As president, Bill Clinton has often been called King Bill the First by this commentator, and not without good reason. Of all of the most recent men who have been elected into the White House, Clinton has been the most self-centered of leaders, treating the country he governed not as a temporary guardian, but rather as a king overlooking his fiefdom.

Richard Nixon could have been considered a king by many who remembered his policies. His duplicity concerning Southeast Asia, and his freezing of the economy undid his claims of supporting free trade and of world peace. However, in the last days of his administration, he put the office of the President ahead of his presidency and resigned instead of fighting a pending impeachment. The faults people had back then were with Nixon’s policies, not with the man.

Gerald Ford did not want to be the president. Indeed, he was the only man not elected to the office. He got the job because Spiro Agnew resigned, and he was next in the line of succession. Indeed, Ford never got past the stain that was the Nixon Administration.

Jimmy Carter, in his simple Georgian way, saw himself more of a statesman than a leader. He negotiated rather than delegated, which eventually proved to be his undoing amidst a national depression and world terrorism. He didn’t hide his faults. Rather, he admitted to them freely in the pages of Playboy magazine.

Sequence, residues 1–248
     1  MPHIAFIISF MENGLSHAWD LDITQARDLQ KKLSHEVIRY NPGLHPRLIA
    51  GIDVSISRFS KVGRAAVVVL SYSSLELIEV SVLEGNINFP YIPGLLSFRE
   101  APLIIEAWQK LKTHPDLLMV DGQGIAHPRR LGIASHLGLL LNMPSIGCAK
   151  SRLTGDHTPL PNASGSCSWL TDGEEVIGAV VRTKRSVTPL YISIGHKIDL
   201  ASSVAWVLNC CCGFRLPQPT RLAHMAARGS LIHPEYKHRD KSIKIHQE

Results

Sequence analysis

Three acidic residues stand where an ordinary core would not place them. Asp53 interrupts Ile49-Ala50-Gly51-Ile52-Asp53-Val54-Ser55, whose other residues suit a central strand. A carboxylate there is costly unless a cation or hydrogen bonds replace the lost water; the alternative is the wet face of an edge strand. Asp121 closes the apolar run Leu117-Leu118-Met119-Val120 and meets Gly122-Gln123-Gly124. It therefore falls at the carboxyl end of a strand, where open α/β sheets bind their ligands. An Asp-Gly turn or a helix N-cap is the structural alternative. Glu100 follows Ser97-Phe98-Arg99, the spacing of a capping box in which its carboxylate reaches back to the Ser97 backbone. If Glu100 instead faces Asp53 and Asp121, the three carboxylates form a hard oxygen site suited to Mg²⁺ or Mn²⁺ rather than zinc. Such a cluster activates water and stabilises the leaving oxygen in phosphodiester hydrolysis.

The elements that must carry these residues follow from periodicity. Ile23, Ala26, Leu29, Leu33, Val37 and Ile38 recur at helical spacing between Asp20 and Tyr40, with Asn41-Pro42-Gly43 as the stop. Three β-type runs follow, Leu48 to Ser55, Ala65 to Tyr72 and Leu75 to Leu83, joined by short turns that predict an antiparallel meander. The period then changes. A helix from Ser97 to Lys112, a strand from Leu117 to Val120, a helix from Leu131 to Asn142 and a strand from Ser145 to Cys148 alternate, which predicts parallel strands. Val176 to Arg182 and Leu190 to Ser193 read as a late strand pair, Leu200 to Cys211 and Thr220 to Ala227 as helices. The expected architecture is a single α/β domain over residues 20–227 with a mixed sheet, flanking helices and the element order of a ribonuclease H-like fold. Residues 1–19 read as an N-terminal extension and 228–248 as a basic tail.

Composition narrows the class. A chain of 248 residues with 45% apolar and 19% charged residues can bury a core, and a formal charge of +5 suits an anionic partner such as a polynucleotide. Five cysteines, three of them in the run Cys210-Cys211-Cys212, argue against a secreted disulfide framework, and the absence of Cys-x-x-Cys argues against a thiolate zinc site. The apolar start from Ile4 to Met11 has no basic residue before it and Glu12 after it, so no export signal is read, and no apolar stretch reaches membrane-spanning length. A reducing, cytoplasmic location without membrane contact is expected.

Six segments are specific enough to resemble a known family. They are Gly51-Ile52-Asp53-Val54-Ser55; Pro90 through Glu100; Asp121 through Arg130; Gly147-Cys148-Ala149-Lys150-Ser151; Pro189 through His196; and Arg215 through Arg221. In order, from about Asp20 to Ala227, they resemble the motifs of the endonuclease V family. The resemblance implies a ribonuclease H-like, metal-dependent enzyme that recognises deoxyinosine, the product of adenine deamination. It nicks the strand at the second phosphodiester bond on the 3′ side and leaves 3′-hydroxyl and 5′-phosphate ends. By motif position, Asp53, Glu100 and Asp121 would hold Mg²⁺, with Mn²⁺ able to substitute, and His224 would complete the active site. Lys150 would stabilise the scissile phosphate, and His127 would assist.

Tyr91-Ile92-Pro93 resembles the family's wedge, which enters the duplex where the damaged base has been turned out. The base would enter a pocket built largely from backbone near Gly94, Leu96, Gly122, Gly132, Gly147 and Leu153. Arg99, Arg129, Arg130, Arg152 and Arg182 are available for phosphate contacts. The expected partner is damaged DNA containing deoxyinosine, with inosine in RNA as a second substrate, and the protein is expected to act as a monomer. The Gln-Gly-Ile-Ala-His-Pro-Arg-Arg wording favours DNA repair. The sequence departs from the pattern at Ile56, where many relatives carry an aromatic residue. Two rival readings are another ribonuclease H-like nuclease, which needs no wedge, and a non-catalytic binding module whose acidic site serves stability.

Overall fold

Ronald Reagan was clearly more authoritative than Carter, which at the time was sorely needed. But like Nixon, any faults one might have with him concerned the people around him, not Reagan himself. It was the late William Casey, director of the CIA, who freely admitted to the Iran-Contra affair, or First Lady Nancy Reagan, who consulted with astrologers and complained about the White House china. President Reagan’s only personal faults were his age, and what later would be admitted to as the onset of Alzheimer’s.